Philip Morris International (PMI) has installed an innovative new model for in-house legal teams by promoting a non-lawyer to the position of director of legal services.
Peter Gavrushenko has been transferred from the corporate affairs group to examine the legal group’s budget and how it is best spent on its law firms, its training programmes and its use of technology.
“I’m focusing on the numbers side of the business,” Gavrushenko told The Lawyer.
Gavrushenko joined the legal services group last week, where he reports to vice-president and general counsel Marty Barrington. His aim is to allow lawyers to focus on the law while he manages the legal group’s business affairs.
This will include a review of the tobacco company’s multimillion-dollar legal budget. Firms such as Arnold & Porter, Clifford Chance, Collyer-Bristow, Covington & Burling and Winston & Strawn will have to launch a charm offensive.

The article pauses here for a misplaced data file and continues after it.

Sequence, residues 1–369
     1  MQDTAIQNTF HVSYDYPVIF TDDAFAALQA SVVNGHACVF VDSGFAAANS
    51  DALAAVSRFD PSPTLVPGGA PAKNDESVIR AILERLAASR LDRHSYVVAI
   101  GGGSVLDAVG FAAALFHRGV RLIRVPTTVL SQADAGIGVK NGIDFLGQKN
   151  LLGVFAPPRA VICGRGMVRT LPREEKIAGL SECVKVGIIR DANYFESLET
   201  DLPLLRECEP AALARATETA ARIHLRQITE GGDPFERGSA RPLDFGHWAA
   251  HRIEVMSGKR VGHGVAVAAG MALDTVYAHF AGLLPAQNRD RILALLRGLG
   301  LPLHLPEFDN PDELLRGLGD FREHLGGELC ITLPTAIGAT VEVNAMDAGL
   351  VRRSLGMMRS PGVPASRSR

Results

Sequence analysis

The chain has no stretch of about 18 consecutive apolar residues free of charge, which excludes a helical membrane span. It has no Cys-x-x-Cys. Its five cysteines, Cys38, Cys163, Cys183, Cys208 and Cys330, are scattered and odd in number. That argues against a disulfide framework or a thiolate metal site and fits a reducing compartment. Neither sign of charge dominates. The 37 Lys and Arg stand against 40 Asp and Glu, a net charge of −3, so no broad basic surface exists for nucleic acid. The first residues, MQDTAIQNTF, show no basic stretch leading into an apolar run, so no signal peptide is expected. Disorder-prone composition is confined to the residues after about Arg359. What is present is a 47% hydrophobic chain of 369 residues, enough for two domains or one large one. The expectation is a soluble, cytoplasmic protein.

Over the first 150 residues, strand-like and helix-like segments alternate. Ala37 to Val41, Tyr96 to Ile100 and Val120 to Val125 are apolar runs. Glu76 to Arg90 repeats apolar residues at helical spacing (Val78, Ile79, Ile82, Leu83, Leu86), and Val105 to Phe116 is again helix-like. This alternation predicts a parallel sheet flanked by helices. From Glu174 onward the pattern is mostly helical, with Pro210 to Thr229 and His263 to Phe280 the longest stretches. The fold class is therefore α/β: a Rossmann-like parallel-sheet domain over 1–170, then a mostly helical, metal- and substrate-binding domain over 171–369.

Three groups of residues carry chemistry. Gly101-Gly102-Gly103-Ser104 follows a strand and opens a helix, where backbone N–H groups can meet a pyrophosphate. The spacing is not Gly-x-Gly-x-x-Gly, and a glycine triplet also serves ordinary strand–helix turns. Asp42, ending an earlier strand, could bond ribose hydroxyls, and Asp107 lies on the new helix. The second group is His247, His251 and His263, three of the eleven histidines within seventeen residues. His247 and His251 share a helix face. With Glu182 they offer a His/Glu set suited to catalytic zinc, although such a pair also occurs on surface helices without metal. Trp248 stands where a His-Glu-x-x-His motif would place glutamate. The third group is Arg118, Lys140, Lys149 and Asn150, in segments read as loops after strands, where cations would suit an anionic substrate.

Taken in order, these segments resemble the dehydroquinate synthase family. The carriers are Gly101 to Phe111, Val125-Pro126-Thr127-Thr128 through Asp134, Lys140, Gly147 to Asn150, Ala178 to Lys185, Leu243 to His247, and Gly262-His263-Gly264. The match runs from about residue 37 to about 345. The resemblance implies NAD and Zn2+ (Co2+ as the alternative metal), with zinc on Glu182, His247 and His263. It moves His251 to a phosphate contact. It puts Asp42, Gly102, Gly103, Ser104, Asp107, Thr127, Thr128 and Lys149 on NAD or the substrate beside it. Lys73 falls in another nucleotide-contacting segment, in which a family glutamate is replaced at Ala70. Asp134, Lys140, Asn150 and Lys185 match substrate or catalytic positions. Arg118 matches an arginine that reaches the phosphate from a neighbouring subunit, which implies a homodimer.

Gavrushenko and Barrington are due to meet with the associate general counsel, who head the company’s separate regions and business groups, to discuss the group’s external spend.
Having a non-lawyer in such a position of influence will strike fear into the hearts of less progressive private practitioners, many of
whom have been upset at the influence wielded by procurement departments in recent panel reviews.
“All those things [budget, planning, training and technology] take time, and it shouldn’t be an attorney that’s doing it,” said Gavrushenko. “The concept [of a non-lawyer in this position] is interesting. It makes business sense.”
PMI, which is headquartered in Lausanne in Switzerland, is one of the Altria group of companies and operates separately from Philip Morris USA. The legal services group has more than 100 lawyers, servicing some 40,000 PMI employees worldwide.